Ten years ago, James Dodson gathered about 90 people in a room at the University of Houston-Victoria and pitched an idea for an estuary conservation and management program where one previously did not exist.
There was no way to tell exactly how things would go or foresee what the program would become during the next decade.
But this January, the San Antonio Bay Partnership will celebrate its 10th anniversary with a conference held right where the nonprofit started.
The two-day event dives into the past and future of the Texas Coast on a local level and is free of charge to the public, though registration is required.
The San Antonio Bay Partnership is a regional planning and management program that collaborates with local organizations to implement programs and initiatives that help protect, restore and enhance the San Antonio Bay/Guadalupe Estuary’s natural resources.
The history of the nonprofit and its progress will start off the conference, while its plans to address emerging and ongoing issues will be presented through sessions led by a diverse lineup of guest speakers, panelists and performers.
In terms of the future, plastic pollution and evidence, impacts and mitigation strategies for sea level rise, erosion and extreme weather events are among many issues that will be addressed.
“The issue of climate change and sea level rise has so many potential ramifications,” Dodson said. “It cuts over almost all the environmental work you do on the coast, and of course there is the issue of plastics in the environment, which we have a keen awareness of with the Nurdle Patrol.”
The first day’s lunch will feature a panel on the environment in art, music, film and literature moderated by Jeffery Di Leo, UHV’s dean of Arts and Sciences. Justin Sherburn – a composer and conductor with Montopolis, which will perform “The Living Coast” on Wednesday night – will be among panelists discussing how to bring attention to the environment through various media.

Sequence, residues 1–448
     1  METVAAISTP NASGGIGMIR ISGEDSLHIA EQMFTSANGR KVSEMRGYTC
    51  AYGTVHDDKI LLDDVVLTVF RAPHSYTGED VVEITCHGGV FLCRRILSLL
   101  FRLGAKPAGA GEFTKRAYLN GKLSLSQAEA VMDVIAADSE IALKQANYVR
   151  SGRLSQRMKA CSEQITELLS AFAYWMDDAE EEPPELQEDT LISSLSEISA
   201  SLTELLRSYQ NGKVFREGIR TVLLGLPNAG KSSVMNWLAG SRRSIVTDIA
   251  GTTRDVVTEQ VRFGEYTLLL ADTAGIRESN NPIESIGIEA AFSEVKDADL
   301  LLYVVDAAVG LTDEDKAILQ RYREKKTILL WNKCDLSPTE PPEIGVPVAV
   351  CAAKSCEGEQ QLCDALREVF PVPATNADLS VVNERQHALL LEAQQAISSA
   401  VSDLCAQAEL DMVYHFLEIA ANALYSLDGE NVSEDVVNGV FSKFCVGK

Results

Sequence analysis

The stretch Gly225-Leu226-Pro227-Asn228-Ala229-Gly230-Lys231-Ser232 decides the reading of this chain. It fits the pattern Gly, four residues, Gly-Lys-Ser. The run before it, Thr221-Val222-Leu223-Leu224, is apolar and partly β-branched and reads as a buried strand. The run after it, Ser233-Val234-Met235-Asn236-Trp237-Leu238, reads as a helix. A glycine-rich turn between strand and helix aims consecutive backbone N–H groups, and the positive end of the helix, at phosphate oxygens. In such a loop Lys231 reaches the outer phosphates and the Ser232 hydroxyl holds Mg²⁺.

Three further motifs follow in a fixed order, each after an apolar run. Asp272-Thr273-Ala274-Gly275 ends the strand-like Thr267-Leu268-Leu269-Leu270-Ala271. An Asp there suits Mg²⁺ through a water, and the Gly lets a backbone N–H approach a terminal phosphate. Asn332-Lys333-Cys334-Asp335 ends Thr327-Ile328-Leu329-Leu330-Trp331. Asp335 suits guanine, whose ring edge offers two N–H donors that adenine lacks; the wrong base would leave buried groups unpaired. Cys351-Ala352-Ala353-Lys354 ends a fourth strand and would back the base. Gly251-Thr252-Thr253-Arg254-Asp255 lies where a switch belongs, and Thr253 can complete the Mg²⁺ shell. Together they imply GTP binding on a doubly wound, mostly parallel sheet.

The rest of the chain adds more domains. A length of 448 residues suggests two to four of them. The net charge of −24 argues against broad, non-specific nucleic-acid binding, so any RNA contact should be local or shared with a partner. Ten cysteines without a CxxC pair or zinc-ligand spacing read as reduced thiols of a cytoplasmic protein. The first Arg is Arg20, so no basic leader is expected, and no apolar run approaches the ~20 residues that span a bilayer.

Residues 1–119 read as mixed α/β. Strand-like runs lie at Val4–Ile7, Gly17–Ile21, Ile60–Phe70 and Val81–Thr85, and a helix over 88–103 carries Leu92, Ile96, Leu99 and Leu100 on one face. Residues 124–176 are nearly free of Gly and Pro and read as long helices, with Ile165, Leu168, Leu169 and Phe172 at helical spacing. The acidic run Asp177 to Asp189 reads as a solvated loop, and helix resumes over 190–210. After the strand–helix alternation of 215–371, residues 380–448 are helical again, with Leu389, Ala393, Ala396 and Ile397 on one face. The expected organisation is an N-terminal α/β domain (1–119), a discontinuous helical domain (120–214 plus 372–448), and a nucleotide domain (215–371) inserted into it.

Other panelists include authors Andy Sansom and Miles Arceneaux, poet and environmental attorney Jim Backburn and photographer Bill Harvey.
Montopolis’ performance of “The Living Coast” will be at the Leo J. Welder Center for the Performing Arts on the first day of the conference. The orchestra rock group’s show explores the Texas coast through nature videography, dynamic storytelling and live music.
“The show is a love letter to the region as well as an opportunity to discuss broader environmental challenges,” said Justin Sherburn, Montopolis’s artistic director.
State Rep. Geanie Morrison will be the guest speaker for the lunch on the second day of the conference, where she will talk about how the Oyster Mariculture Bill was passed as well as other legislative initiatives to address issues in the Middle Texas Coast.
The development and operation of mariculture programs in Texas bays will also be covered during one of three sessions on responding to ongoing and emerging issues that are sprinkled throughout the conference.
“It was a remarkable feat that is really changing the way state-owned resources are used, which traditionally haven’t been used exclusively for private use,” Dodson said. “We want to talk about that because we think there is a big opportunity there in the San Antonio Bay system.”
Other issues covered in the three mitigation and planning sessions will including creating, restoring and enhancing oyster reefs for recreational fishing and ecosystem services; evidence, impacts and mitigation strategies for climate change; coastal protection planning and implementation; freshwater inflows and watershed management; and habitat loss and recovery.
Dodson hopes guests walk away with a greater appreciation for the natural environment, the San Antonio Bay system and the programs and projects that the partnership is implementing to try to get people more in touch with the environment.
“Restoring elements of that environment that have been degraded for various reasons and protecting parts of it that are in good shape from future derogations is also key,” he said.